5. Rid-All’s ethos is community building through education and experience: Over the past decade, hundreds of Clevelanders – mostly African-American men – have completed its urban farming training programs, including most recently a group of veterans with post-traumatic stress disorder (PTSD). Aided by volunteer sustainability evangelists, the farm has become a community hub, hosting vegetarian food festivals, weddings, cooking classes, school visits and guided tours.
    6. Damien Forshe, a co-founder of Rid-All in the Kinsman neighborhood, pictured in one of the six greenhouses in 2012, died Nov. 29, 2018, after a heart attack.Plain Dealer File
    7. “The idea was to show people how to turn vacant urban plots into green spaces that generate community pride and economic opportunities,” said co-founder Randy McShepard.
    8. “Diabetes, heart disease and obesity are killing us, yet these diseases can all be mitigated by healthy diets, which is what we’re trying to teach our communities.”
    9. The scale of the challenge in Cleveland, a former powerhouse which has suffered decades of economic decline and widespread racial inequalities, can be daunting:
    10. ? African-Americans make up 30% of the county’s population, but are 79% more likely to die from diabetes than their white counterparts.
    11. ? Almost 54% of children in Cleveland live in poverty – the second highest rate in the country after Detroit – but African-Americans and Latinos are three times more affected (Links to an external site.) than Whites.
    12. ? Countywide, one in three, or 400,000 people, live in a food desert – a neighborhood with high rates of poverty and no supermarket within half a mile. This dire situation is even worse in predominantly black areas like East Cleveland, Hough and Glenville, where more than half the people rely on gas stations, minimarts and fast food outlets to get food.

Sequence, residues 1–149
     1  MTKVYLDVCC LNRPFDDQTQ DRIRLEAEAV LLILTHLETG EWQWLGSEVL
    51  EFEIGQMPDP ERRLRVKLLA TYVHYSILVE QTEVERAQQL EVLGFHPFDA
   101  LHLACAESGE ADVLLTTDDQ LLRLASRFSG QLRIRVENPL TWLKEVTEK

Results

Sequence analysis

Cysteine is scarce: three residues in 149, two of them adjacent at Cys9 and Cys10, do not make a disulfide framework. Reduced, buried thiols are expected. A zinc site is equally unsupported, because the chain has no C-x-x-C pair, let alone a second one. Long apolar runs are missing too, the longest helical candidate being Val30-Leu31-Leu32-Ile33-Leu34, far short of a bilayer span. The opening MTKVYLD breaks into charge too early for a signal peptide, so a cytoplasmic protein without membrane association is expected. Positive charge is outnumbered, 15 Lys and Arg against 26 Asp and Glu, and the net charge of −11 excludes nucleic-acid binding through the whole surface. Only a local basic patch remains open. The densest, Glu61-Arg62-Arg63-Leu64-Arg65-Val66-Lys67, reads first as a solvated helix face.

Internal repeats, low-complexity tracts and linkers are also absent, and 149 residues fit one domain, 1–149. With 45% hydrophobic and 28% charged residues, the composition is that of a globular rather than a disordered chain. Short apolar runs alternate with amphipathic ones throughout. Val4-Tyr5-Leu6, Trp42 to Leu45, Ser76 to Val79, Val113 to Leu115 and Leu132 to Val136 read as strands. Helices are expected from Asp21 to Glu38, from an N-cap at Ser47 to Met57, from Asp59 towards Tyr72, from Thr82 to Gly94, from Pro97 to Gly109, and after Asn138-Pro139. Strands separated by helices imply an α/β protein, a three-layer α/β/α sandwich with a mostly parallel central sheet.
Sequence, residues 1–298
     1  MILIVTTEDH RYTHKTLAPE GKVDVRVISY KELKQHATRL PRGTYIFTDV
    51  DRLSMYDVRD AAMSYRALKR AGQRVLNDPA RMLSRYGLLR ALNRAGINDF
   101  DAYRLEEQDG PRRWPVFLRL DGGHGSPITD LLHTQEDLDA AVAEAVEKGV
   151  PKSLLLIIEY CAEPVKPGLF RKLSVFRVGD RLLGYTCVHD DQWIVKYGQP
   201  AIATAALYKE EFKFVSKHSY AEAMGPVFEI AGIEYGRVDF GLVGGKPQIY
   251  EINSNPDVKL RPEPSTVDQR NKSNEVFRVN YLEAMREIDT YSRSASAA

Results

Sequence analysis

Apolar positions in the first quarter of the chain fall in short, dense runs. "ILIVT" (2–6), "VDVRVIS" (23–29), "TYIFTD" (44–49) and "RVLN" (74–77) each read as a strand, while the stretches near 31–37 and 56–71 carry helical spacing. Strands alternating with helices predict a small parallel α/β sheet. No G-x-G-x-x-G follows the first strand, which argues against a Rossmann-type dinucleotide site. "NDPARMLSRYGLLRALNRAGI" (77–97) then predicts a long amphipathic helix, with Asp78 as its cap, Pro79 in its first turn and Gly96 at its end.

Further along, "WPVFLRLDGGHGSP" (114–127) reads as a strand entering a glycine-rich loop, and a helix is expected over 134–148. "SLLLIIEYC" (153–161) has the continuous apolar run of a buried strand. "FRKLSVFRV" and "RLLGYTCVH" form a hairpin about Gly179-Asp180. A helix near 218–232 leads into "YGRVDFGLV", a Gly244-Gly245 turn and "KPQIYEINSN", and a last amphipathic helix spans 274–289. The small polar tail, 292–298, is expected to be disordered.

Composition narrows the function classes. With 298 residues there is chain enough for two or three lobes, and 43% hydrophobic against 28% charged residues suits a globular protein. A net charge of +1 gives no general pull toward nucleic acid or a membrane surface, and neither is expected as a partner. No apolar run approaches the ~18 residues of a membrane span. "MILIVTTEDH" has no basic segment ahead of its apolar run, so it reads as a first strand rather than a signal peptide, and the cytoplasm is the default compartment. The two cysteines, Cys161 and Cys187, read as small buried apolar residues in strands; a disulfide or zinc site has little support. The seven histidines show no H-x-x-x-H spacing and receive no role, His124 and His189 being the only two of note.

13. Zen Adams, Sheena Diane, Shallanna Agbomanyi and Lori Middleton, administrators of Rid-All standing in front of greenhouses in October.
    14. School friends
    15. It’s within this context of deep-seated economic and racial injustice that Rid-All was founded in 2009 by three school friends who grew-up on the same street, in a suburb where African-Americans were only able to move after racist home-lending policies, known as red-lining, were relaxed in the 1960s.
    16. Rid-All began as the global financial crisis was taking hold of the city, fueling a rise in unemployment and foreclosures. They acquired 1.3 acres of abandoned land, obtained council permits, cleaned it up, and opened the first greenhouse in early 2010.
    17. “Food is the longest relationship you will ever have, and we’re trying to help people make it a good one,” said Keymah Durden III, another cofounder. (The third original founder, Damien Forste, died suddenly last year).